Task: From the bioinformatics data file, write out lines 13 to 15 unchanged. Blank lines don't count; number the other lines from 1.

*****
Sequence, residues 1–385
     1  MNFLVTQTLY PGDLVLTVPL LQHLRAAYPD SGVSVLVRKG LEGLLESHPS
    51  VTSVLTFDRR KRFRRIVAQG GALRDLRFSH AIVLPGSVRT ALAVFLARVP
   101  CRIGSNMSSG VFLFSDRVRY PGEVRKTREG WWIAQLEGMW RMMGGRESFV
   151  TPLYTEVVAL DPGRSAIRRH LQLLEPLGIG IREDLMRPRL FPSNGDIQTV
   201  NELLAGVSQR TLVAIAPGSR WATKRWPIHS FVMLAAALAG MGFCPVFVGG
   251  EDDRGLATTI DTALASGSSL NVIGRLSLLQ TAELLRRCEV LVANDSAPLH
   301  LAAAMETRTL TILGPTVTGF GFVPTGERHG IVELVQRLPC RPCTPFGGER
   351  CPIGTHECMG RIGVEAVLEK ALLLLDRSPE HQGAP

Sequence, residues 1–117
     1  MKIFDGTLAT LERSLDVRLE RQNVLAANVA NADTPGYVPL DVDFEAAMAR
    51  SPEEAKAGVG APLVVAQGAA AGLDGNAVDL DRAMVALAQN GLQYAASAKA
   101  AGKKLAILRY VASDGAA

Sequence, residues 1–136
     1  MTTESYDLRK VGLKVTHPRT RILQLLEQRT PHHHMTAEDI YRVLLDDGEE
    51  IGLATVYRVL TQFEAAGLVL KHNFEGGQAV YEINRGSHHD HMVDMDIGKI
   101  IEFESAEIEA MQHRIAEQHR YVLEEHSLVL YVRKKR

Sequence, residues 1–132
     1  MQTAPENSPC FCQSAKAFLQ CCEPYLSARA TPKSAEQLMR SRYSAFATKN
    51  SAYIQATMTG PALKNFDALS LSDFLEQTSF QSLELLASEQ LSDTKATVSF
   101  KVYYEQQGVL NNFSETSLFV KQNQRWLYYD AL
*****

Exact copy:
   101  AGKKLAILRY VASDGAA

Sequence, residues 1–136
     1  MTTESYDLRK VGLKVTHPRT RILQLLEQRT PHHHMTAEDI YRVLLDDGEE